Yeakel further concluded that the admitting privileges portion of the law is unconstitutional because there is no rational basis for the restriction, nor does it "rationally relate to the state's legitimate interest in protecting the unborn." And even if there were a rational basis, he determined that it would still fail to pass constitutional muster because it "places a substantial obstacle in the path of a woman seeking an abortion of a nonviable fetus."
But Yeakel did allow a provision that restricts pharmaceutical abortion to stand. The law requires doctors to follow a Food and Drug Administration-approved protocol that requires both drugs of an abortion-inducing cocktail to be administered in person by a doctor within the first 49 days of pregnancy as determined by the woman's last menstrual period. That protocol was developed during testing of the two-drug cocktail in the Eighties, Yeakel noted. The FDA approved use of the drugs in 2000 and shortly thereafter doctors developed an "off-label" protocol that reduced the dosage of drugs, allowed administration of pharmaceutical abortion up to 63 days into the pregnancy, and allowed a woman to take the second drug on her own time, at home. Since approval, over 1.75 million abortions in the U.S. have been drug-induced.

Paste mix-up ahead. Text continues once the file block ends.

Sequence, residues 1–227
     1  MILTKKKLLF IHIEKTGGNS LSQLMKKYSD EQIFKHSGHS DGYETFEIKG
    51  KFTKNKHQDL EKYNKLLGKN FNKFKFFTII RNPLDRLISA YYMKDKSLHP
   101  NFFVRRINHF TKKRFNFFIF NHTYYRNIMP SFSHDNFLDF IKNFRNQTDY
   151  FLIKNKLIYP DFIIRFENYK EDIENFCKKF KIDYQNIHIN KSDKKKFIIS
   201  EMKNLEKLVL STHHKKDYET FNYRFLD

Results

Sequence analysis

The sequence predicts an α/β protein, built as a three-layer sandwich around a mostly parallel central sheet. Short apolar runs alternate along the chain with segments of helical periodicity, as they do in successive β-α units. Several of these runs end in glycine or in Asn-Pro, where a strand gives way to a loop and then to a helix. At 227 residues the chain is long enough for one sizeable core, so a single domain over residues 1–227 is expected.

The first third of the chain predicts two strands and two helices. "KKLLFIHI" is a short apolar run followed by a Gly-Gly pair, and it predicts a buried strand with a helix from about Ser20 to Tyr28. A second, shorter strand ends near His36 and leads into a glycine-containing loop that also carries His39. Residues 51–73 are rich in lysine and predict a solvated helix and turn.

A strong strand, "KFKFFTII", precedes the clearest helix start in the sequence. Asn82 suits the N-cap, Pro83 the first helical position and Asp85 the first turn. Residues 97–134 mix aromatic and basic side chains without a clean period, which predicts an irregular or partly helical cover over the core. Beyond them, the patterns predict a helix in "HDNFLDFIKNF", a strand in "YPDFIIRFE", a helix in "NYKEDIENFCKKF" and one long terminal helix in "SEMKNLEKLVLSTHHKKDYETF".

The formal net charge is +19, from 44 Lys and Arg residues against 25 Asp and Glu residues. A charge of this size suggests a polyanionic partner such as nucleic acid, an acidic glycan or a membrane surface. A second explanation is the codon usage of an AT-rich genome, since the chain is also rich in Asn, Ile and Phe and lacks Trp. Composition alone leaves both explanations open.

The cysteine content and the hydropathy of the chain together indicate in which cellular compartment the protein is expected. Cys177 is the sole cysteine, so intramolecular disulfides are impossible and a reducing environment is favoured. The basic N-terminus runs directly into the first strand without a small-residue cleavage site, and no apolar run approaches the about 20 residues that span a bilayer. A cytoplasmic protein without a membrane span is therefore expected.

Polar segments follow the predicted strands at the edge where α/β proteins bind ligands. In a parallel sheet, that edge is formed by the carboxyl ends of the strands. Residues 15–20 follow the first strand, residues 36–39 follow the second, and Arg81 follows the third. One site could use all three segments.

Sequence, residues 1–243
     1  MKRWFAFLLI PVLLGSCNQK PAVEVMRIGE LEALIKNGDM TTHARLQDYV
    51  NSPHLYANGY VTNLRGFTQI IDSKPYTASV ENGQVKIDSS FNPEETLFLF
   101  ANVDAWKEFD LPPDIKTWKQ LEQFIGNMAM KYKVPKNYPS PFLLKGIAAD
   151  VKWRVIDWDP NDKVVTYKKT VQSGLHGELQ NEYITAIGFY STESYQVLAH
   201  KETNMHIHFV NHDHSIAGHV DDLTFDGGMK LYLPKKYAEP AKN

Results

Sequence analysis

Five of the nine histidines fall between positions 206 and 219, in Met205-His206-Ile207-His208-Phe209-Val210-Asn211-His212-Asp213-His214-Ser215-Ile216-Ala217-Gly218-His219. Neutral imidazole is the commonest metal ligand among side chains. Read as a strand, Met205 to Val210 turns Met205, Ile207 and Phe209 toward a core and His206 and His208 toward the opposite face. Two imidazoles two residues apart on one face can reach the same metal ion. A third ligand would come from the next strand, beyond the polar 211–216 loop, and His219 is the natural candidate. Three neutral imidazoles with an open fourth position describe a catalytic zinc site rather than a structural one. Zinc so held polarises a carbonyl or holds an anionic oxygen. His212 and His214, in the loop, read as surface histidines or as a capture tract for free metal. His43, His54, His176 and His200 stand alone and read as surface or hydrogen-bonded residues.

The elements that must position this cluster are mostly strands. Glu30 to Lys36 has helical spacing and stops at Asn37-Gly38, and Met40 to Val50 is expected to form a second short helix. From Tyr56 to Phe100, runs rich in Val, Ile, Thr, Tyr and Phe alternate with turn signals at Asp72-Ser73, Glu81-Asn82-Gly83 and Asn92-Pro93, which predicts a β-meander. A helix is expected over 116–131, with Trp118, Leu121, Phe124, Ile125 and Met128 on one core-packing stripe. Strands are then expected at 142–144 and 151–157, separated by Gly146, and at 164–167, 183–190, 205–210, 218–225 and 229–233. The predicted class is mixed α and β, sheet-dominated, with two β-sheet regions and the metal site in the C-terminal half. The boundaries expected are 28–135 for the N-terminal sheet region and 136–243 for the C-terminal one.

At trial, providers argued that to restrict access to the "approved" protocol would be to require women to submit to an outdated and medically riskier protocol – indeed, the incidence of infection and other complications was higher under the approved protocol. In contrast, the state argued that merely requiring doctors to follow a federal government-approved protocol could not be considered an undue burden.